5. The patient's current orders for diabetes meds, i.e., lantus, novolog, metformin, as well as any recent changes to these meds.

    So, the voicemail might look like this:
    Dr. Scary, this is beekee at XYZ facility. I'm calling about Mrs. Mary Diabetic, whose blood glucose at bedtime was 500. In looking at her blood glucose levels, it appears that she normally runs between 100 and 250, but her daughter visited this evening and brought some candy for her. Mrs. Diabetic states that she had a snickers bar just 30 minutes before her blood glucose was tested. Her vital signs are BP, HR, T, RR, O2. According to her sliding scale orders, she received 15 units of novolog. She also receives 10 units of lantus every evening. Thanks, please call 212-555-1234 with any additional orders.

    Check your facility policy for situations like this. You would modify this script as needed depending on your policy.
  8. by   KelRN215
    Quote from iwannabeanursee
    Yes I work in a ltc facility. So if the BS is really high would I still give the novolog and lantus or just give the novolog first retest in 15 min then give lantus? Just give her water. That's what I'm worried I don't want to do something Call the doc tell him what I did, what if I was wrong?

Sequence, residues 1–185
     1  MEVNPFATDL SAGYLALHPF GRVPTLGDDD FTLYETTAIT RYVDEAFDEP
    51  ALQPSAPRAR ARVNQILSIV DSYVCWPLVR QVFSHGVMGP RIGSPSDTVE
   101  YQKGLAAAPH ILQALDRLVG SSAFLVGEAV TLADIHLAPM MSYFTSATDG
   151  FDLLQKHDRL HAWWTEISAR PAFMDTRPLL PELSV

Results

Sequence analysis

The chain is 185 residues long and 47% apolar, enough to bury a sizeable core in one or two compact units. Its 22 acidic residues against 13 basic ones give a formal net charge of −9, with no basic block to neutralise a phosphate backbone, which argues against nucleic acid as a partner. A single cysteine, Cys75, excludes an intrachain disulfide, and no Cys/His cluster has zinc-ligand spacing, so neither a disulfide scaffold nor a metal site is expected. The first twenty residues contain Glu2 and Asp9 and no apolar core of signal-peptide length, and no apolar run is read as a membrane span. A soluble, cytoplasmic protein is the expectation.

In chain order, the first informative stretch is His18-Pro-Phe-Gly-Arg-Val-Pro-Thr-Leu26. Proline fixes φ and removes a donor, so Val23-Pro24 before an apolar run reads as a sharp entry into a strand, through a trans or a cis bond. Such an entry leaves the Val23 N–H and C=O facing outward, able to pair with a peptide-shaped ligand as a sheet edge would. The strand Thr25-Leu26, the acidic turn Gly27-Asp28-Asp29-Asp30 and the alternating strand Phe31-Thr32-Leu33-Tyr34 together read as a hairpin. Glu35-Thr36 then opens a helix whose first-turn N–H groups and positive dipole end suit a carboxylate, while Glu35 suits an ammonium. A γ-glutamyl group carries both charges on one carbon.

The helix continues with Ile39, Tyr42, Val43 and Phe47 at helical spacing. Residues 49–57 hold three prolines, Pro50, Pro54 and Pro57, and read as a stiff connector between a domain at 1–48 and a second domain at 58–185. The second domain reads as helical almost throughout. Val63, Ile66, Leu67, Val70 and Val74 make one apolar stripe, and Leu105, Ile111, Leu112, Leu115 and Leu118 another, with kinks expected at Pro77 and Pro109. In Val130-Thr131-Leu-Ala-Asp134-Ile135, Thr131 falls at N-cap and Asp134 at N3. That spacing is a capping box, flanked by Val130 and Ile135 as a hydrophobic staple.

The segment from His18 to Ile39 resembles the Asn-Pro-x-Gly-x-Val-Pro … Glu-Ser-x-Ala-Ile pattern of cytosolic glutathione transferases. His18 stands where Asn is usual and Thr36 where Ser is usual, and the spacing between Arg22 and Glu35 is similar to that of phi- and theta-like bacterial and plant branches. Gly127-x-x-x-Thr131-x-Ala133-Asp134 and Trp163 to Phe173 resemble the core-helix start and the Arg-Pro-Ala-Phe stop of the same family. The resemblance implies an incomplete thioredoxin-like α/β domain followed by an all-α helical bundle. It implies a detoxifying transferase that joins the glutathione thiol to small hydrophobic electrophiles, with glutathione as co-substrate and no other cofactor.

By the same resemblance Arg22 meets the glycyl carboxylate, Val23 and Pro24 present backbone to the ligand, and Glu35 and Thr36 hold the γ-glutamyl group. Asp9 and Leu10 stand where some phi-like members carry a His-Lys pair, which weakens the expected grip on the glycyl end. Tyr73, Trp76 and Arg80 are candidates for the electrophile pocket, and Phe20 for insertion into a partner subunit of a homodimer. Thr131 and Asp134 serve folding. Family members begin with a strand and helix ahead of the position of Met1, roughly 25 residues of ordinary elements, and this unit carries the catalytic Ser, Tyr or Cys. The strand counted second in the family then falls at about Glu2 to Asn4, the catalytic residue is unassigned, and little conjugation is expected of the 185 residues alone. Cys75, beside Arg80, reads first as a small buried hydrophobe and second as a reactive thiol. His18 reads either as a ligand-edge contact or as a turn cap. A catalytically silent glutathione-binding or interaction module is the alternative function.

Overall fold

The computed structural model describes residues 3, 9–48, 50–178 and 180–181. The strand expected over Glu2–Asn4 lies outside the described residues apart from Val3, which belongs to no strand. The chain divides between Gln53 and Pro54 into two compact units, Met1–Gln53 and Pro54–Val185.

What would be your rationale for holding lantus in this scenario?
  9. by   iwannabeanursee
    I was told by the nurse from day shift her BS always runs high they said one time the glucometer bc it was so high read HI instead of a number. Since I started on the unit her sugars have been normal. They probably always adjusted the order. What am saying is if I ever get into a situation like that what would I do esp when notifying the doc? I'm new I just finished orienting a few days ago so I'm a bit nervous.
  10. by   iwannabeanursee